After 9/11, the bodies at Ground Zero were made heroic; the immigrant bodies that cleaned them up, less so
If money comes into the world with a congenital blood-stain on one cheek, capital comes dripping from head to toe, from every pore, with blood and dirt.
—Karl Marx, Capital, Volume 1
“We have still not had a death,” he said. “A person does not belong to a place until there is someone dead under the ground.”
—Gabriel García Márquez, One Hundred Years of Solitude
We can tell the story in an easy calculus. The South Tower of the World Trade Center once stood 1,362 feet tall. At 9:03 a.m. on the morning of September 11 2001 it was struck by a Boeing 767 flying at 590 miles an hour and burning 9,100 gallons of jet fuel. The quarter-mile long tower burned at 1,800°F until 9:59 a.m., when it collapsed, sending 500,000 tons of material to the ground at 120 miles per hour and instantly killing 600 people. The North Tower, roughly its equal in size and weight, collapsed 29 minutes later, killing some 1,400 people. Before “Ground Zero” was ever invoked as an election-season rhetorical salvo, before it was ever emblazoned on a special-edition enamel plate anywhere near an eagle, and before it inspired George W. Bush to call it, in his diary, the 21st century’s Pearl Harbor, it constituted 16 acres of a “working fire” that burned 50 meters deep, a designation that gave immediate jurisdiction of the site to the FDNY. The firemen first brought in blueprints and floor plans, rushing to locations where they believed elevators and stairwells would have collapsed with the people they carried. Next, they introduced a map that used global positioning technology to plot patterns among locations where bodies, or parts of bodies, were being found. There were few survivors in the rubble—only 11, in fact —and it soon became clear that the mapping technology would instead be used to locate the dead.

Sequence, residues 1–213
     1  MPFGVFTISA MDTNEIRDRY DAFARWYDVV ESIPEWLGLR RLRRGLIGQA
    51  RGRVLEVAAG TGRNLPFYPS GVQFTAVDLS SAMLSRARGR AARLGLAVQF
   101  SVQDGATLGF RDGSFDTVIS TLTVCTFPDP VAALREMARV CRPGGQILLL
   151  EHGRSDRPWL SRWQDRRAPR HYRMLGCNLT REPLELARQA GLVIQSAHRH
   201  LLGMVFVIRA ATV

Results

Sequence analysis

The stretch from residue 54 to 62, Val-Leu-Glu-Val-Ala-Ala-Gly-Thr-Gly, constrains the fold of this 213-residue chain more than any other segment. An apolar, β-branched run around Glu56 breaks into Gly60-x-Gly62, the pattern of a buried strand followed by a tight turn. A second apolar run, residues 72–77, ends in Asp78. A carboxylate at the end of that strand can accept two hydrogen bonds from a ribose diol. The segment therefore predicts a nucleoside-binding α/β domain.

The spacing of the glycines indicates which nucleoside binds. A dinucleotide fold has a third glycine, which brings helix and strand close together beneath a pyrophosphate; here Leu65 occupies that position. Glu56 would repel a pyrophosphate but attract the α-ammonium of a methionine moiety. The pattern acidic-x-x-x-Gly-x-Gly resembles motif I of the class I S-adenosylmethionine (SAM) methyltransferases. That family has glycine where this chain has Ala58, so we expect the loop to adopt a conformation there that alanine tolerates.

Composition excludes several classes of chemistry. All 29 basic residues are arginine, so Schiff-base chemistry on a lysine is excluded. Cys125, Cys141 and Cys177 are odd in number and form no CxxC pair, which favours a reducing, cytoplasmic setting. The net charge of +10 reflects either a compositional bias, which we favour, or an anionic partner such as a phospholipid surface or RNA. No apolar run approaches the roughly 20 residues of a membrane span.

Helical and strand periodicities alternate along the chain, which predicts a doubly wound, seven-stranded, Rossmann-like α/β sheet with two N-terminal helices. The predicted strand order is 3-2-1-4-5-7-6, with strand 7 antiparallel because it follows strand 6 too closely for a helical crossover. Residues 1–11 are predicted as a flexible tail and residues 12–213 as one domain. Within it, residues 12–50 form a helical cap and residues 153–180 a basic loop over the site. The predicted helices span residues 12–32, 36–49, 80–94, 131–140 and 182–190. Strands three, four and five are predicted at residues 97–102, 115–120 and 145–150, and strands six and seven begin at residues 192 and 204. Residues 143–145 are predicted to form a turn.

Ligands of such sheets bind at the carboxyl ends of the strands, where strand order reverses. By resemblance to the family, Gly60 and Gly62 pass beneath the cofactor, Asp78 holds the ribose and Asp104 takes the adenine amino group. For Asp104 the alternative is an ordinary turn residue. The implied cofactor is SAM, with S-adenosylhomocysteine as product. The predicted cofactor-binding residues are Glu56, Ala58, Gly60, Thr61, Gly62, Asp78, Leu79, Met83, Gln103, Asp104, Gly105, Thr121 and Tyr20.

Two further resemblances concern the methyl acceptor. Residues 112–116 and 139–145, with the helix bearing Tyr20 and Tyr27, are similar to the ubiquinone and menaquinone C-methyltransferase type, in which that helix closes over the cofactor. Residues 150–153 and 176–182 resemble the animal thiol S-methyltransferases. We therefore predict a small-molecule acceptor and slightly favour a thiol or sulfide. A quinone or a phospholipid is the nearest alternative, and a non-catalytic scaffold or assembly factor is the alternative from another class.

The fire was mean and hard to extinguish. It burned long and deep, flaring when exposed to oxygen and fueled by tons of highly conductive paper and furniture soaked in jet fuel. On September 16, NASA sent an airplane over Ground Zero to gather infrared data that the U.S. Geological Survey made into a thermal heat map, one that showed patches of rubble burning at temperatures above 1,292°F, hotter than the burning point of aluminum. The New Scientist dubbed it “the longest-burning structural fire in history.” Heavy rains fell all day on the 14th and on the night of the 20th, into the dawn of the 21st. A total of four million gallons of water soaked through the debris and pooled at the World Trade Center’s “bathtub,” the 60-foot deep rectangular foundation on which the towers stood. Officials worried the foundation’s weak walls could give way, causing water from the Hudson River to seep into the PATH and subway tunnels, effectively flooding the city’s underground.